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A Drop in the Bucket: Varanasi’s Rainwater Harvesting Revolution

Varanasi faced a water crisis with its groundwater depletion. An initiative by IAS officer Himanshu Nagpal addressed this by reviving rivers and promoting rainwater harvesting. Read the article to know how…
Indian Masterminds Stories

Varanasi, the ancient city steeped in history and religion, was facing a modern-day crisis – a depleting groundwater table.  Three of its eight development blocks were classified as “dark zones,” indicating severe water scarcity. However, a determined initiative by the Chief Development Officer (CDO), led by IAS officer Himanshu Nagpal, has turned the tide.

Speaking with Indian Masterminds, Mr. Nagpal shared about the initiative. 

THE PROBLEM 

The crux of the problem lay in the excessive reliance on groundwater. Many industries, hotels, and establishments freely extract water through borewells, often without proper authorization (NOC) or rainwater harvesting systems in place. This unsustainable practice further strained the already stressed aquifers. The administration’s innovative project aimed to address this very issue.

MULTI-PRONGED APPROACH 

Before 2022, the scenario was bleak. NOC issuance hovered around a meager 20 annually, and rainwater harvesting efforts were negligible. Recognizing the urgency, the administration embarked on a multi-pronged approach. 

The project unfolded in a multi-pronged manner. “Firstly, we rejuvenated the Varuna and Nad rivers, the lifeblood of the region. This aimed at restoring their natural flow and replenishing groundwater reserves,” Mr. Nagpal shared. 

Further, the officer and his team launched an extensive awareness campaign to educate establishments about the importance of water conservation and the regulations surrounding borewells. This campaign successfully identified over 1,000 establishments that required NOCs and rainwater harvesting systems.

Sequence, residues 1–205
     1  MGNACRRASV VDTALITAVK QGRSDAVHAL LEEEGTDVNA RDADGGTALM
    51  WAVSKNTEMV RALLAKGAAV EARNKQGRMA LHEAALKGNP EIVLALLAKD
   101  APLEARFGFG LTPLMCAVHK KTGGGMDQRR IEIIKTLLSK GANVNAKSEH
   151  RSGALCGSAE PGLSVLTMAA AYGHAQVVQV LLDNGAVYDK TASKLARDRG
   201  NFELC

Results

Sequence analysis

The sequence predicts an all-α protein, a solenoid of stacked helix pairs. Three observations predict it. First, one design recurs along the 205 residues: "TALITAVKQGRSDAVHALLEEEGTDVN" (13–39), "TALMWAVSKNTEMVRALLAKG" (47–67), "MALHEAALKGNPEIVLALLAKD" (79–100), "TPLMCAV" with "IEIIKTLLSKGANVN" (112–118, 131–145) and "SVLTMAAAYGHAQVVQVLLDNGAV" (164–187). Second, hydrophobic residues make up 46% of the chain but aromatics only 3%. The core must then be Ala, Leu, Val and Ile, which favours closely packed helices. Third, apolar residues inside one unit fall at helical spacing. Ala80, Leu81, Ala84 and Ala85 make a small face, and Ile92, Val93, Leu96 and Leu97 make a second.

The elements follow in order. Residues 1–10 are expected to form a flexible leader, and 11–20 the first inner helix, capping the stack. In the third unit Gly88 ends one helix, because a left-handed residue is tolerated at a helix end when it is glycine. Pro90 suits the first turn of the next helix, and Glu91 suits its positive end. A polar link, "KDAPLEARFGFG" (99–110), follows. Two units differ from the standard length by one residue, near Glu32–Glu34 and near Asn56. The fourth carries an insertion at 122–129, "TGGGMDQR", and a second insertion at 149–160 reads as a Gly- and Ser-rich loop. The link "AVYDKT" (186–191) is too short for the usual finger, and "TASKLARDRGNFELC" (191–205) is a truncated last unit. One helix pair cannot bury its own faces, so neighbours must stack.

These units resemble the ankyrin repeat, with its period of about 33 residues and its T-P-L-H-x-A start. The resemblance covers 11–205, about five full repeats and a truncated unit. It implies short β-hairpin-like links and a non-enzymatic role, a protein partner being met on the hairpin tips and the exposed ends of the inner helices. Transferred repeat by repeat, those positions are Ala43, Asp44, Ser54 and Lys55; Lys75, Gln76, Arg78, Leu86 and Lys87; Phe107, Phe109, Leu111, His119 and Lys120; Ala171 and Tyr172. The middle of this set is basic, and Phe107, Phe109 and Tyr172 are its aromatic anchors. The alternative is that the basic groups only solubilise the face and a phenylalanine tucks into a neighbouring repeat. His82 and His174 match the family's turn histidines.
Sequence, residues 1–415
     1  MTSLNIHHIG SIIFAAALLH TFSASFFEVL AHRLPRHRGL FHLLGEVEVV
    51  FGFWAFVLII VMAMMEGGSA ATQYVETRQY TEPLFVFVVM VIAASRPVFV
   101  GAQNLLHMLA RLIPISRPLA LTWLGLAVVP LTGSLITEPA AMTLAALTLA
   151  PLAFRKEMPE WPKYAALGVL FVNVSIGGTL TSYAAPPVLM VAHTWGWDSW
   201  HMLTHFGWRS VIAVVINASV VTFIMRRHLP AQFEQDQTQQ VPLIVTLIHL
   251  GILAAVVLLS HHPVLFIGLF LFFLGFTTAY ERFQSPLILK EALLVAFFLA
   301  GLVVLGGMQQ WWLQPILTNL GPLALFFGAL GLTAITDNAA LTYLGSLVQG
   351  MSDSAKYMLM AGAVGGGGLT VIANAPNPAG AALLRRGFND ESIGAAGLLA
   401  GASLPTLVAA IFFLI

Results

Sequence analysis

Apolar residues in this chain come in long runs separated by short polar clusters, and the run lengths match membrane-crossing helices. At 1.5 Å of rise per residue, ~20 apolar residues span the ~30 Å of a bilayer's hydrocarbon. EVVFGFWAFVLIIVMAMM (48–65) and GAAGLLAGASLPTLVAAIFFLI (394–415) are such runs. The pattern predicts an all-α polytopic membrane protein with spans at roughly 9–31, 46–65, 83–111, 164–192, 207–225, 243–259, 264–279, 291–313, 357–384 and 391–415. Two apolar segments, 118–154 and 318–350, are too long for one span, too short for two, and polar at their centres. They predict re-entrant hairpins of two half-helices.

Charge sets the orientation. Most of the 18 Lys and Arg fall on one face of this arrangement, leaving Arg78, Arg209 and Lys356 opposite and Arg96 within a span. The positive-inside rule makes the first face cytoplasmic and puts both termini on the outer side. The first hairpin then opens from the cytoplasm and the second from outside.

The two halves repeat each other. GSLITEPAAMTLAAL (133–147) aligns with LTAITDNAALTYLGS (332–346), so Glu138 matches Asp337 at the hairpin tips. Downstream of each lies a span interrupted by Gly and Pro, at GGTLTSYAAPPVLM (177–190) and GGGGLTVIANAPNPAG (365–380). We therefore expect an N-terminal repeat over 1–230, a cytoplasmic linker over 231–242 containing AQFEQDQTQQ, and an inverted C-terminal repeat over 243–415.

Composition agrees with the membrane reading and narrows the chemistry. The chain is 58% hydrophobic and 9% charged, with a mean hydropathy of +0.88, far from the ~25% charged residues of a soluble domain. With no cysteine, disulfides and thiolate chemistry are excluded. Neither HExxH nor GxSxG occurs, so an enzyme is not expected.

But awareness wasn’t enough. To bridge the knowledge gap, workshops were conducted, meticulously guiding these establishments through the NOC application and rainwater harvesting installation processes. This resulted in a significant shift – 450 establishments secured NOCs and implemented rainwater harvesting systems on their premises.

ALTERNATIVE OPTIONS 

“To address this issue, we have issued over 500 notices to these organizations, mandating the installation of rainwater harvesting systems on their campuses. For those lacking the capability or adequate space to implement such systems, we provided an alternative solution: they could deploy rainwater harvesting systems at designated government buildings, including schools, inter-colleges, degree colleges, or hospitals,” Mr. Nagpal shared. 

This ingenious approach facilitated the creation of over 5 lakh square meters of rainwater harvesting systems across 304 government buildings. This not only addressed the space limitations but also created a network of decentralized water storage facilities within the city. 

SUCCESS 

The success of the campaign is undeniable. The annual issuance of NOCs has witnessed a phenomenal leap, rising from a mere 15-20 to a staggering 250-300. This surge reflects a growing commitment to responsible water management practices. Additionally, for those who failed to comply within the stipulated time frame, over 150 boring systems were sealed, with the remaining ones facing similar consequences. 

The positive impact is already being felt. Within a year, one of the three “dark zones” has managed to escape this critical category. The relentless efforts have also resulted in a notable improvement in the groundwater table, which has risen by three meters in the last three years.

CHALLENGES 

Financial limitations, a common hurdle in large-scale initiatives, were addressed through a strategic partnership with private entities. Mr. Nagpal shared that this collaboration “converged funds” from the government and private partners, ensuring robust financial backing for the project’s long-term sustainability.

By engaging various stakeholders – industries, establishments, government departments, and private partners – the initiative achieved a remarkable turnaround in the city’s water security. It serves as a model for other water-stressed regions, offering a replicable framework for environmental conservation and sustainable water management. Mr. Nagpal concludes, “We are trying to bring out all the dark blocks from the category.”


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